Mark Conway’s new book of poetry Dreaming Man, Face Down is out this month, and Conway will be reading this Friday at 7pm at Micawber’s Books. The collection deals primarily with the aftermath of death, and what those of us left behind must face.
His previous book of poetry, Any Holy City, was short-listed for the 2007 PEN/Joyce Osterweil Award for Poetry. His work has appeared in The Paris Review, American Poetry Review, Ploughshares, Gettysburg Review, Bomb, The Walrus and elsewhere. Conway directs the Literary Arts Institute at the College of Saint Benedict.
Here’s a poem from Conway’s new collection:
Tarot Card of the Dreaming Man, Face Down
Then it was gone, the beatitude
of your body,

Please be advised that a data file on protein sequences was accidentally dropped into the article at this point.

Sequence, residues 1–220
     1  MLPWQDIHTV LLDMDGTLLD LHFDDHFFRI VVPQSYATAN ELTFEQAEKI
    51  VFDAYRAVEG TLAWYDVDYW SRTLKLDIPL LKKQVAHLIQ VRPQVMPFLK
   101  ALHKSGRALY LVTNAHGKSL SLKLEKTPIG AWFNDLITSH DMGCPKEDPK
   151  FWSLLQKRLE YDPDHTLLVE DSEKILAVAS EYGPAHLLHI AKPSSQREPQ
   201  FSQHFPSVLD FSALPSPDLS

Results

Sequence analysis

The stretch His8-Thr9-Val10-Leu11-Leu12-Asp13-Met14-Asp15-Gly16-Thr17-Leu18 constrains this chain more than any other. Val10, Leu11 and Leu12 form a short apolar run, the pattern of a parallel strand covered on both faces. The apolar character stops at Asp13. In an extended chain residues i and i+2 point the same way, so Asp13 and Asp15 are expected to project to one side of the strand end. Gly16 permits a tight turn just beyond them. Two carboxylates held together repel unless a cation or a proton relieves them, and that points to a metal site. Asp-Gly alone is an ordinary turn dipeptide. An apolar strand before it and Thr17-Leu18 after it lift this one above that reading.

while the rest lay, specifically,
there: black, black,
as a dead dog, the back
of your legs
looking plastic, looking extra, trailing
behind the rest of you
like a mooch, like a goddamn moron and you
already camouflaging yourself inside
the light and dark, mouthing
the prime numbers of eternity…
We gave you days to continue dying
and you did
after you were dead. We
needed time – poor relations
to arrive, to decide upon
the precise symbolism
of the flowers, to complete
the box, nail it into
position, to divest the body
of its slime, to call
your name three times;
to call you three times;
to call you by name three times.
And at first.
You wouldn’t go.
You own this body
thriving within the caucus
of microscopic insects and dazzled
acids there to burn you down to ashes
you over there, you
in your over-there work-body
of the soul, your hooded
spirit released and humming
like its crazy in the light.
Where you are, slipping
through the monstrous
inner membrane of the world,
you see how it works.
I, like a mooch, like a goddamn moron, live.
We waited for you. Two or three days.
Then an old man came and prayed.
– “Tarot Card of the Dreaming Man, Face Down” by Mark Conway, as it appears in his new collection Dreaming Man, Face Down, published by Dream Horse Press.